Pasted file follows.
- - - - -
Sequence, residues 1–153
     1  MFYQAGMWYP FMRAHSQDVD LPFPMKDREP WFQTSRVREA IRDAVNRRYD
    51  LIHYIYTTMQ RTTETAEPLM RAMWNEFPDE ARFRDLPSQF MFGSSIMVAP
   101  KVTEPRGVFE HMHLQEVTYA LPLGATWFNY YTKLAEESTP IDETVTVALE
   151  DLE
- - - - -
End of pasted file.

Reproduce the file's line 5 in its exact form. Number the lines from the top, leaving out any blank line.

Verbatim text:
   151  DLE